Nine months extra jail time for the Carlisle cash for crash mastermind

Mark Roger McCracken
Mark Roger McCracken

A criminal locked up for masterminding a £600,000 fraud has had nine months added to his sentence for other crimes.

Mark McCracken, 48, was jailed for seven years last month having played the lead role in a huge insurance scam dubbed “cash for crash”.

That illegal enterprise ran between 2010 and 2014. McCracken was said to have hidden behind multiple fake identities as he organised fantasy car crashes to justify claims.

He also drew in criminal associates. These included four local garage owners and car dealers who provided him with MOT certificates for cars bought under the false IDs and MOT certificates with heavily reduced mileages.

In total, 34 other people were involved in the fraud and occupied a variety of roles.

But police who carried out a painstaking probe brought the gang members to justice. All were sentenced at Carlisle Crown Court last month, when McCracken was handed a seven-year jail term.

But this was increased yesterday, when McCracken was brought back to the crown court to face a number of other charges.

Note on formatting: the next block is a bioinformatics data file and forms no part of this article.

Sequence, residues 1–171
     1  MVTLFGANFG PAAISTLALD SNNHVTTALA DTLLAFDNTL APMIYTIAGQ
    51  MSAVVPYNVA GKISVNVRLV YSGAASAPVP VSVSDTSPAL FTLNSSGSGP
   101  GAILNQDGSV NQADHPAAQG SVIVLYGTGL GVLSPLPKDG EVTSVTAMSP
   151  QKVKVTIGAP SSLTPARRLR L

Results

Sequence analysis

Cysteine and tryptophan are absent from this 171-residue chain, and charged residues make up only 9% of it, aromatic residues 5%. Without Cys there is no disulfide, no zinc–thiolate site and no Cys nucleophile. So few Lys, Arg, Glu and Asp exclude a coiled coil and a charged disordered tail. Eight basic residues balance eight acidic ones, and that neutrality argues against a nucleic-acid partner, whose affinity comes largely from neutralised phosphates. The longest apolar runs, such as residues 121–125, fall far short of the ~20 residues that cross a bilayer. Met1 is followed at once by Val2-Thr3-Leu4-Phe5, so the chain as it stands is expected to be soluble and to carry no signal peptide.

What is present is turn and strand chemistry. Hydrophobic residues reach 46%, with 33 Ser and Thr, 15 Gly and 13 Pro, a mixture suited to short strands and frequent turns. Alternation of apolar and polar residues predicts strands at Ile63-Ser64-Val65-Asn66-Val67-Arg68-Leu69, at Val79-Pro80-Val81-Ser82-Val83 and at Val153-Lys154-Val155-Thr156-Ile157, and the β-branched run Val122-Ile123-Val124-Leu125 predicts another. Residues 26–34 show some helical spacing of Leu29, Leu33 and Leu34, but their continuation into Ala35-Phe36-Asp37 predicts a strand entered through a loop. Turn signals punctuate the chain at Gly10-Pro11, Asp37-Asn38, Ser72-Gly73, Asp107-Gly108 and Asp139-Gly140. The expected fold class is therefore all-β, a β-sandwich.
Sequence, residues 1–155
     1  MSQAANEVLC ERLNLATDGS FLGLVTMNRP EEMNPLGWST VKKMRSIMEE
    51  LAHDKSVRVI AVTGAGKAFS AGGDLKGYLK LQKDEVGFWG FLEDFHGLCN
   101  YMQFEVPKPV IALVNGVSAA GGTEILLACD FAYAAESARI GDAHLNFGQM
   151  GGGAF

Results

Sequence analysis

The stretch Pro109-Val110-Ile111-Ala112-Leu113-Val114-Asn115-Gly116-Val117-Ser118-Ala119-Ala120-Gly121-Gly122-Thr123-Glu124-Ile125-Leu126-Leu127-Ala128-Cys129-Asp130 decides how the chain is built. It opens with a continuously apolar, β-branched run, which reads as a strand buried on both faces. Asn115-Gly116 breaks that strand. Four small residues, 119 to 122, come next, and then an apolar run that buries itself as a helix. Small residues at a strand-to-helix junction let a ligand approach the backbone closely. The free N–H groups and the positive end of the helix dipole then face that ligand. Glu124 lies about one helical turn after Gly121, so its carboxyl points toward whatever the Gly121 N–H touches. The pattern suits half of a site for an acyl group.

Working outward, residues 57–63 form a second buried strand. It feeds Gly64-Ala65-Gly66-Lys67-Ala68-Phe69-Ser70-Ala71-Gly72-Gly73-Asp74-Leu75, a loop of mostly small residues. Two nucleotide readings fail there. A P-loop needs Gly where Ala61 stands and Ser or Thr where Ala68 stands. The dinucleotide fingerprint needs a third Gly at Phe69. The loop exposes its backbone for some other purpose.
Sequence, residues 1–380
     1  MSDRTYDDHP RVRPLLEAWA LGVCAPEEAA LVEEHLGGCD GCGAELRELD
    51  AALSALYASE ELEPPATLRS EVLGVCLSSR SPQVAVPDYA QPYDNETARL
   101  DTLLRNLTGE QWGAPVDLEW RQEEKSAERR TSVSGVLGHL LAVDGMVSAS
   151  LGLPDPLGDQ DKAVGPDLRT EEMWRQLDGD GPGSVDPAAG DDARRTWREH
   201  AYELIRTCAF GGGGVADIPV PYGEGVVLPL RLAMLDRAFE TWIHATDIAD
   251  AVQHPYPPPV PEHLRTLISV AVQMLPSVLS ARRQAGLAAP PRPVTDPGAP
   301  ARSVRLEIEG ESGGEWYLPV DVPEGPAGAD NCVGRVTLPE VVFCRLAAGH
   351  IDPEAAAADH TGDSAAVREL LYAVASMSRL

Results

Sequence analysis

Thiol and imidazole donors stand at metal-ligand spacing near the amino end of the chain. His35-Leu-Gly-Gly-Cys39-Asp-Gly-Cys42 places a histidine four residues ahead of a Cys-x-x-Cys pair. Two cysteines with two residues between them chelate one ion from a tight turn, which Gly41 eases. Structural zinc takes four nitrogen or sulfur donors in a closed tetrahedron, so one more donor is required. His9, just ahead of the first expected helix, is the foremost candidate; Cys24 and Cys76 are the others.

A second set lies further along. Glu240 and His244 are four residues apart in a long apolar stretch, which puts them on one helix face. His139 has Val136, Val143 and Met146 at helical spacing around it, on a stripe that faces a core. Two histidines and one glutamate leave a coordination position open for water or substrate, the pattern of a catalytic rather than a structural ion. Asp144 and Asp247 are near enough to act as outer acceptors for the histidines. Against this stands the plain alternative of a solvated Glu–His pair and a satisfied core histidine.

From the dock he pleaded guilty to three counts of handling stolen goods.

Prosecutor Damian Nolan said each of the offences emerged after police visited McCracken’s childhood home at Brindlefield, Wigton, in September, 2014, as part of the cash for crash investigation.

Related articles: Full list of defendants in cash for crash trial

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Tents and other camping equipment were found during a search of the property. It emerged these had been stolen in 2010 from a town industrial estate.

Due to problems caused by the break-in – and theft of £16,000 property – the owner eventually had to shut the business down.

Police also recovered 34 solar panels and five inverters. These, it emerged, had been part of a £140,000 haul taken from a site near Silloth in early 2011.

Finally, a stolen passport was located in a “hidey hole” at Brindlefield in which a host of fake documents had been located. The passport had been taken during a burglary in the Grange-over-Sands area 15 years earlier.

Although the owner had since passed away, it was identified by her daughter.

There was no evidence, the court heard, to suggest McCracken had been involved with either of the burglaries. Nor did he appear to have used the stolen passport.

Judge Peter Davies said of McCracken’s latest crimes: “They are all serious offences, and are all deserving of imprisonment.”

But he was aware the criminal had recently received sentences of two-and-a-half years (in 2015) and seven years last month. As a result, Judge Davies stated he would have to bear in mind “the principle of totality”.

For the new offences, McCracken was given nine months in prison, a term which will be added to the sentences he is already serving.

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